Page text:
Invasive Species Compendium

Detailed coverage of invasive species threatening livelihoods and the environment worldwide

Abstract Full Text

Does plant response to the limiting resource explain invasibility? An experimental test using two invasive weeds and their non-invasive native congeners.

Abstract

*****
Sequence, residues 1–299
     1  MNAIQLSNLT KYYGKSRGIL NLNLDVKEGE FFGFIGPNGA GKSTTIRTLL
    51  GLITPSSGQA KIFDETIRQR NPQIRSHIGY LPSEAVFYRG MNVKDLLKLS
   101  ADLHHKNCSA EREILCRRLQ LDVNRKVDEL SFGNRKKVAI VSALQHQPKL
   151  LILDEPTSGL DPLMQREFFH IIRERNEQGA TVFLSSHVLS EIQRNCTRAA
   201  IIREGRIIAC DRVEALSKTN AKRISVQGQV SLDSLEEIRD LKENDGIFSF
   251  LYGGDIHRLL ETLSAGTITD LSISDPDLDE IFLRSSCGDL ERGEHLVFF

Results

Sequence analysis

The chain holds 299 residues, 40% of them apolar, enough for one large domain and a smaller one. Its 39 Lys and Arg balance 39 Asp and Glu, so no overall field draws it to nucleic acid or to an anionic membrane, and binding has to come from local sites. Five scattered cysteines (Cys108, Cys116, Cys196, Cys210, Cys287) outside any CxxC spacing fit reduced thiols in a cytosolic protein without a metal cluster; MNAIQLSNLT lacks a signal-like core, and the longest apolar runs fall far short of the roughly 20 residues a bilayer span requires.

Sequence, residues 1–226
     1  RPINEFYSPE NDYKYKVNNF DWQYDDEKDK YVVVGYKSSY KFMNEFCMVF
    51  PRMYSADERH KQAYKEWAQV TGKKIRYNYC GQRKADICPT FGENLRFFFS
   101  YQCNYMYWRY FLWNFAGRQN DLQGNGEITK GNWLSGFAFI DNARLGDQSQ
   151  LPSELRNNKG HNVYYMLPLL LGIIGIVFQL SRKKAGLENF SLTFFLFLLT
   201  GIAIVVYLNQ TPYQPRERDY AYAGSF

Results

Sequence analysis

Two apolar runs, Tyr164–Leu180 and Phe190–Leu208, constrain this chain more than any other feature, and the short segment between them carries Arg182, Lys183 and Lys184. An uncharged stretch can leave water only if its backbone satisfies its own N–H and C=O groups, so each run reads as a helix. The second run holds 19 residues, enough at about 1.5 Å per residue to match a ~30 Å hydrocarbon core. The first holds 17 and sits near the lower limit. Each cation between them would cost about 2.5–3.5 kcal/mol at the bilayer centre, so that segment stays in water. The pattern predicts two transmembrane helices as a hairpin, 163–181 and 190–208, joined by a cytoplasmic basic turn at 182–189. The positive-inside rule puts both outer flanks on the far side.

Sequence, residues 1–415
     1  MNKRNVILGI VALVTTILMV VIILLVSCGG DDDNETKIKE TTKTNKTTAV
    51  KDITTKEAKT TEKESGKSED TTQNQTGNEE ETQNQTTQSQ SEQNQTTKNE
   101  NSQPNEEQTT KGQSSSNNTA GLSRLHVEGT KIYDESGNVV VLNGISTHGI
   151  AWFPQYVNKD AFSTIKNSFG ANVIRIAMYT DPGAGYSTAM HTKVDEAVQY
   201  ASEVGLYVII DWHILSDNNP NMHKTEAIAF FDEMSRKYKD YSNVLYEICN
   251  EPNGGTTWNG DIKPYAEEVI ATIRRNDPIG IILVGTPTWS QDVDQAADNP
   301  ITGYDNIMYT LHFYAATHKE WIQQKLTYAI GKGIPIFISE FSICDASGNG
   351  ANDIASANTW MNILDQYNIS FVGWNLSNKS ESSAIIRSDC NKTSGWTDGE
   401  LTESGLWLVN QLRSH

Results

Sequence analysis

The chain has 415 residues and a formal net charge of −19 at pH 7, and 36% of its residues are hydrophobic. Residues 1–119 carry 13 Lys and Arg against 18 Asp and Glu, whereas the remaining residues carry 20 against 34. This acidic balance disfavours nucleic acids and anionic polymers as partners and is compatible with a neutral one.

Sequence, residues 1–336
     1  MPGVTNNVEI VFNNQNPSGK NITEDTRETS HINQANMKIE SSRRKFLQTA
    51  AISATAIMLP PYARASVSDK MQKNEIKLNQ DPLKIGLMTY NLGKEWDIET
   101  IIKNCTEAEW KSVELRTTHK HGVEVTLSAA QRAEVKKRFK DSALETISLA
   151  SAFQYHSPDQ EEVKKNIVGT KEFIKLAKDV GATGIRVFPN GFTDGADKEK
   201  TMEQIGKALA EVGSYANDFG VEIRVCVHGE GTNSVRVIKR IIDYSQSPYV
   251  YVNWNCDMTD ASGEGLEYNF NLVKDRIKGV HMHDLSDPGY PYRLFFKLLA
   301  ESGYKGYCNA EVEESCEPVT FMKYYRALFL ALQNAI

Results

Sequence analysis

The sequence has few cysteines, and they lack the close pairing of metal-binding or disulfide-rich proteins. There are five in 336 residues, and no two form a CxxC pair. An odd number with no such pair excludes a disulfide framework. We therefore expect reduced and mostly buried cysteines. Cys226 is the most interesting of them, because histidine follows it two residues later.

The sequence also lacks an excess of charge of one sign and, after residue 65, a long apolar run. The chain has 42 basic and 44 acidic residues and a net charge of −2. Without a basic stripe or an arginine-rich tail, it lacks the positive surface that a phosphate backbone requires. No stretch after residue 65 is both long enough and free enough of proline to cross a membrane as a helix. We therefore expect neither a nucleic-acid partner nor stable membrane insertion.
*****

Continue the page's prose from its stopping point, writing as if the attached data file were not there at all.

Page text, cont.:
Alternanthera philoxeroides (alligator weed) and Phyla canescens (lippia) are two exotic weeds invading wetlands and riparian habitats in Australia. Preliminary studies showed that at low nutrient levels, lippia and alligator weed were healthy but their growth rates were reduced. Tissue analyses of plants collected from the field revealed nitrogen/phosphorus ratios <14, which indicate nitrogen is probably the primary nutrient limiting plant growth. In a glasshouse study, the growth responses of both invasive plants and their 'native non-invasive' congeners to differing nitrogen concentrations were compared. A. philoxeroides to A. denticulata and P. canescens to P. nodiflora were contrasted. Plants were grown individually in a washed peat-sand (20:80) substrate at five levels of nitrogen (1 to 30 mmol/litre). Dry biomass (roots, stems and leaves), shoot characteristics, leaf area and physiological characteristics were measured. Relative growth rate, the below-ground biomass to above-ground biomass ratio and the physiological responses were compared between the nitrogen concentrations and among the four species. The results are presented during the conference.